“That first time I did the candlelight dinner in the courtyard? Jerry got curious what I was doing with the furniture outside and he gave me the fresh basil for the tomato salad.” I remembered that both times I’d set up a romantic, candle-lit dinner, Jerry had come to chat. I also remembered that both times Jonathan and I had sex afterward. And both times we’d had a talk about how the reason I’d done it hadn’t been to try to get him to put out. One time we had the talk first, then the sex, and one time after. I wasn’t sure what to make of it. It was a good thing we were breaking up so I wouldn’t have to test the theory of what would happen if I set up a candlelight dinner and then we didn’t have sex just to prove that I wasn’t being manipulative or that Jonathan wasn’t that easily manipulated…
My head hurt. “He got all inquisitive the second time, too, and asked me a bunch of questions about your parents and stuff. He thinks I’m dumb?”
“No, not like that.” Jonathan chuckled. “And who gives a fuck what they think? You’re smart, Daron.”
“Just not about relationships.”
“No one is smart about relationships. It has to be learned.” He squeezed my fingers and sipped his coffee. “Trial and error.”
We did some record and book shopping on the way home and then had a quiet day at the apartment, reading and listening to things. Jonathan bought a box of Christmas cards at the bookstore and wrote a bunch of them out to his old editors to remind them he existed. We had mac and cheese with tuna and peas in it for dinner. All in all, a very “normal” day.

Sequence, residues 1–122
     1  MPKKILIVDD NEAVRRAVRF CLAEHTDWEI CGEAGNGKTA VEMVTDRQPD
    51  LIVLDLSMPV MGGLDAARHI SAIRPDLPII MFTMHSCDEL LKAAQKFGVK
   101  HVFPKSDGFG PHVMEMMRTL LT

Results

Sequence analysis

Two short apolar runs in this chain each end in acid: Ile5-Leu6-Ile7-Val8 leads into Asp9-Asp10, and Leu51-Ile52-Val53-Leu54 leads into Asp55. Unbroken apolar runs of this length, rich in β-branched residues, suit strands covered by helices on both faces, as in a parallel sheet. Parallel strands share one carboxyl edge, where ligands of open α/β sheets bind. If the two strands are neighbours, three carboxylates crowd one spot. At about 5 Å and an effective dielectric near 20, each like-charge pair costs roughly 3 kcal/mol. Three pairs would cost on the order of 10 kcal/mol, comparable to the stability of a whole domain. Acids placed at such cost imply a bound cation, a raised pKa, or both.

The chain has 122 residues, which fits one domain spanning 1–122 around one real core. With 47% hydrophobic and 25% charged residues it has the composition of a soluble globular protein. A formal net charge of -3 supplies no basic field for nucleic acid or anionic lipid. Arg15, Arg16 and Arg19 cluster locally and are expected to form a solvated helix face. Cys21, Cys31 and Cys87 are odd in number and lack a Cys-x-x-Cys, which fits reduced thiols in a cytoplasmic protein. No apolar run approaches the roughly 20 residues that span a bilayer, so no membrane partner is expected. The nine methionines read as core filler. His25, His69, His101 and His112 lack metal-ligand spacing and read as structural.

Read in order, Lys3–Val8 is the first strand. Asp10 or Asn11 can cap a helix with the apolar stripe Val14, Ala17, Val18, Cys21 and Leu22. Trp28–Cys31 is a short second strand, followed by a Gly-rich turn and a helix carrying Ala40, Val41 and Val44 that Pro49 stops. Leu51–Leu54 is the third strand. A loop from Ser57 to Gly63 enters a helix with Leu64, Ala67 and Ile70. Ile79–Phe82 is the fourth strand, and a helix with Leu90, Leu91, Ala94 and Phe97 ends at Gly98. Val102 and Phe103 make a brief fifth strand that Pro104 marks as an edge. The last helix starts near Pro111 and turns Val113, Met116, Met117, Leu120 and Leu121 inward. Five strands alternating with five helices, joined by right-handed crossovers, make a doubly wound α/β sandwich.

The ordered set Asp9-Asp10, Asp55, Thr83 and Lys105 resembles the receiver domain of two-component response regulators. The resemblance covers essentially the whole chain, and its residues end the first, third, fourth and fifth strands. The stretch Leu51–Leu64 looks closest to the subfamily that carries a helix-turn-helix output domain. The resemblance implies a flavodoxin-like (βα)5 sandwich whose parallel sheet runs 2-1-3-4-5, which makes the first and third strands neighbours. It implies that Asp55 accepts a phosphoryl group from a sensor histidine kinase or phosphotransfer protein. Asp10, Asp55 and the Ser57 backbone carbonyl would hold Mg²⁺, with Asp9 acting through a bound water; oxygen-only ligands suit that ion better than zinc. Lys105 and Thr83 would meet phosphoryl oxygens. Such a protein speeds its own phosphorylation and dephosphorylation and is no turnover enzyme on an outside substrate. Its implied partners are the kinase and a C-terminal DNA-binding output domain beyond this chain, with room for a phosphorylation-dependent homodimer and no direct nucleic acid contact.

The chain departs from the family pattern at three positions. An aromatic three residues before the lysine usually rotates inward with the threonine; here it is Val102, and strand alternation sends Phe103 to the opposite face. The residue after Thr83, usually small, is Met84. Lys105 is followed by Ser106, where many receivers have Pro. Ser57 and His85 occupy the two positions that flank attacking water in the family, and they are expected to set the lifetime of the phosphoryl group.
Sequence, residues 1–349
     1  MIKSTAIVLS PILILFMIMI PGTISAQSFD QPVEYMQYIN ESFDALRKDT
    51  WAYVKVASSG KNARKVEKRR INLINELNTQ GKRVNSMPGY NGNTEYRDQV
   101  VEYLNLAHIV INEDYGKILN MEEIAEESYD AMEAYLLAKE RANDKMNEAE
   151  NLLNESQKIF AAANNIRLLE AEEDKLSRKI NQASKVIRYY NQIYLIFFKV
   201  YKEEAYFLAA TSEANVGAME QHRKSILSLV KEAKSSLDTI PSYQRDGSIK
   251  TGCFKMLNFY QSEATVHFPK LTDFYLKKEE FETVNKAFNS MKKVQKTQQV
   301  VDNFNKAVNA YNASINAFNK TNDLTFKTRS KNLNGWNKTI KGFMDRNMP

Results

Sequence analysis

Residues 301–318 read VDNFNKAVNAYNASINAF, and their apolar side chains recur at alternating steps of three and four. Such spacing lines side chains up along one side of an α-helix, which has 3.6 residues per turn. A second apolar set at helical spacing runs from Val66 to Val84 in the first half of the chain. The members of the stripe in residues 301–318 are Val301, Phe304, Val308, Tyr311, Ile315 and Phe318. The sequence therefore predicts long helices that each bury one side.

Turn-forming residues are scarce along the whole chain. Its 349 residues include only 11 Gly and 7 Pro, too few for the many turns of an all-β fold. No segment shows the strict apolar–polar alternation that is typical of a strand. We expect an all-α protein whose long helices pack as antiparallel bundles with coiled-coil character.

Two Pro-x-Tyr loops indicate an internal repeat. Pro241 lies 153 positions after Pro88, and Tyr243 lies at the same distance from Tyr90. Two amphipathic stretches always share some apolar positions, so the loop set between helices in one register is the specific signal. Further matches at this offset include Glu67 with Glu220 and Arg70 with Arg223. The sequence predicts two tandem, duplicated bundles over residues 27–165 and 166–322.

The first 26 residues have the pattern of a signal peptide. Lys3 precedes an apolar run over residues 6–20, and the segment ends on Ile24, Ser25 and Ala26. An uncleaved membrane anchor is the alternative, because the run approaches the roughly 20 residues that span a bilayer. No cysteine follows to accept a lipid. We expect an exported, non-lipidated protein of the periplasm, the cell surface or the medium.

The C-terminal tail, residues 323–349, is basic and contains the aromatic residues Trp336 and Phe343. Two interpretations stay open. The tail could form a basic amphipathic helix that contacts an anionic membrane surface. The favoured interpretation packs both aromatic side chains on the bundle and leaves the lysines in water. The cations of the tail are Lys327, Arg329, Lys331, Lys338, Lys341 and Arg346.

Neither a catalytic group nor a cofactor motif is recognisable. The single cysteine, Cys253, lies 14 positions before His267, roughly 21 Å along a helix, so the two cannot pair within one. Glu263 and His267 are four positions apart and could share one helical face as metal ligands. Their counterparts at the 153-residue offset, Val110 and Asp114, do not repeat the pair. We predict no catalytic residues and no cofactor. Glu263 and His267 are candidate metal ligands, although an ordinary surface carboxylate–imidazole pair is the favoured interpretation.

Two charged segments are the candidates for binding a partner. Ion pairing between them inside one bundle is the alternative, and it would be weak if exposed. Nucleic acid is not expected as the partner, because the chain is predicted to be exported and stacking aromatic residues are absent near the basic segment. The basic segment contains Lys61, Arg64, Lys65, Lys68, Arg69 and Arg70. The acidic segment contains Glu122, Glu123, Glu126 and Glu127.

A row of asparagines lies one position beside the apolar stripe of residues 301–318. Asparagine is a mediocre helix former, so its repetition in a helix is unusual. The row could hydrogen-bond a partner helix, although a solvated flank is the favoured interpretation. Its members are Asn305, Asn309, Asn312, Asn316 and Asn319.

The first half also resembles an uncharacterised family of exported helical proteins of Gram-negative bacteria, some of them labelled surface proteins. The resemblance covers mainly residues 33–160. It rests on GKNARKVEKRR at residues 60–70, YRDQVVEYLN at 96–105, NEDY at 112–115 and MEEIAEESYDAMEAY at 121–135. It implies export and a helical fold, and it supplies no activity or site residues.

Later, we sat on the couch listening to the Stone Roses album. I’d liked what I heard on the radio, and I liked the sound of the band overall, which was unique and interesting. But the album as a whole was kind of bland.
Sometime after I’d lost interest in the Stone Roses, Jonathan began coming on to me, tentatively, like he wasn’t sure it was going to be okay.
I caught his hands and kissed him. “You sure?”
“Well, we are technically still on vacation,” he joked lightly, “plus you did say you thought every day was reasonable.”
“True. I meant it when I said I’m game whenever you are, J.”
“Let’s go to bed, then, before I chicken out for some reason.”
So we had considerably gentler sex than we’d had the day before, with considerably less crying. I’m not sure it was any quieter than usual, though.
Afterward we lay there and I wondered about our upstairs neighbors again. “If they can hear us, though, how come we never hear them?”
“Maybe they neither fight nor have sex,” Jonathan suggested. “I’m pretty sure they see us as the sitcom that moved in downstairs. The nerdy writer and his heavy metal boyfriend.”
“You’re not nerdy.”
“And you’re not heavy metal. But they don’t know that.” He sighed, and I guessed he was thinking about how we had run into them earlier today.
“Good things looks can’t kill,” I said.
“Yeah. Oh well. I guess they didn’t like us as well as I thought. You’re probably right. They think I should kick you out. How wrong they are. About everything.”
“You could still kick me out if you decide it was a mistake to talk me into staying for another month.”
“Not likely,” he said, and squeezed me tighter.
“I guess I should book my flight back to Boston,” I said. “I already told Carynne and Courtney I’m coming back around the holidays, but that was it, haven’t made any plans other than that.” I left unspoken that I hadn’t firmed up the plans yet partly because I had been thinking I needed to be in New Jersey at Christmas.
That was what did it, you know, said the voice in my head. The last straw. New Jersey at Christmas? You dodged a bullet.